Straighter teeth perform chewing, biting and speaking functions more effectively than crooked teeth. In addition, a straight smile boosts confidence, is aesthetically pleasing to look at, and can help avoid some dental problems.
There are several types of malocclusion including overbite, underbite, crossbite, and overcrowding. Each of these alignment problems may negatively impact the function and appearance of the teeth.
Here is a brief overview of some of the main disorders associated with crooked teeth:
Periodontitis – Periodontitis or gum disease begins with a bacterial infection. The bacterial infection is often caused by inadequate oral hygiene. Crooked teeth are harder to clean. Straight teeth are easier to clean and are at less risk of contracting gum disease.
Temporomandibular Disorder (TMD) - Severe crooked teeth can lead to improper jaw alignment. Severe headaches, jaw pain, lockjaw and grinding characterize TMD.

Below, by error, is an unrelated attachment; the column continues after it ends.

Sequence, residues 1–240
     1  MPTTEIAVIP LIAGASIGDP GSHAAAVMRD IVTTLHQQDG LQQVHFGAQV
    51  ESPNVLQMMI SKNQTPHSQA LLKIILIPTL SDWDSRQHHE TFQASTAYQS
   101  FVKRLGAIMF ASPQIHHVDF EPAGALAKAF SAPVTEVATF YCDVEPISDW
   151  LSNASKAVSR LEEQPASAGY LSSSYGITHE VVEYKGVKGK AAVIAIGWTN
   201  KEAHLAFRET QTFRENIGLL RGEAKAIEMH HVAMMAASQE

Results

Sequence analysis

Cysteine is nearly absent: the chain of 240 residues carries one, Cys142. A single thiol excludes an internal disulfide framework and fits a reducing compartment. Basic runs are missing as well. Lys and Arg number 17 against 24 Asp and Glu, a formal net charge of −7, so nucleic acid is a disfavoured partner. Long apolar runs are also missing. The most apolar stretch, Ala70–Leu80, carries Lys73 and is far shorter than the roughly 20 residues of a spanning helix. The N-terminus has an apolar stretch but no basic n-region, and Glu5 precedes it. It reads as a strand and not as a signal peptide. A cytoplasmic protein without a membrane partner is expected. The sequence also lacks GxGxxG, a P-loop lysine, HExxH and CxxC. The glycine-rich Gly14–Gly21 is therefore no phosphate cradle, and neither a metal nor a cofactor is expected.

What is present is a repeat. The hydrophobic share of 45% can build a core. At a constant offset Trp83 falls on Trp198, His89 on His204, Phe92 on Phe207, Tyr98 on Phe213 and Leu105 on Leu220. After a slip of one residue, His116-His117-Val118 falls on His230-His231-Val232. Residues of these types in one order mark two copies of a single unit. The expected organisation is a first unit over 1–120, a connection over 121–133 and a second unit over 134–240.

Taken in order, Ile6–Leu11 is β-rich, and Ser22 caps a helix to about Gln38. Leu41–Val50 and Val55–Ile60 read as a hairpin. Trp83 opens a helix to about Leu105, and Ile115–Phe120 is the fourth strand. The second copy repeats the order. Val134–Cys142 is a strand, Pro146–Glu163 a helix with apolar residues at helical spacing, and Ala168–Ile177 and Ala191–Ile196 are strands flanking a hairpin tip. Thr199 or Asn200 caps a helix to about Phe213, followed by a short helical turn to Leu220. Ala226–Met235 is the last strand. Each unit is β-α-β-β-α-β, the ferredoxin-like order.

Tooth injury – Straight teeth create a strong wall, which means injuries are less likely to occur. Protruding teeth are more vulnerable to injury.
Uneven wear – Crooked teeth cause some of the teeth to work harder than others when biting and chewing. Straight teeth share the workload evenly, meaning less risk of injury and less overall risk for wear.
Teeth can be straightened using either orthodontic braces or customized aligning trays. Orthodontic braces are usually affixed to the teeth for a set duration. The brackets and archwires are tightened regularly by the orthodontist and removed when treatment is complete. Fixed braces are effective for most types of malocclusion.
Aligning trays are fully removable and are used where the malocclusion is less severe, and the teeth need to move a shorter distance. These trays are replaced every few weeks for the duration of the treatment, and have proven to be effective for straightening teeth.
If you have questions about orthodontics and straightening teeth, please ask for a referral to an orthodontist.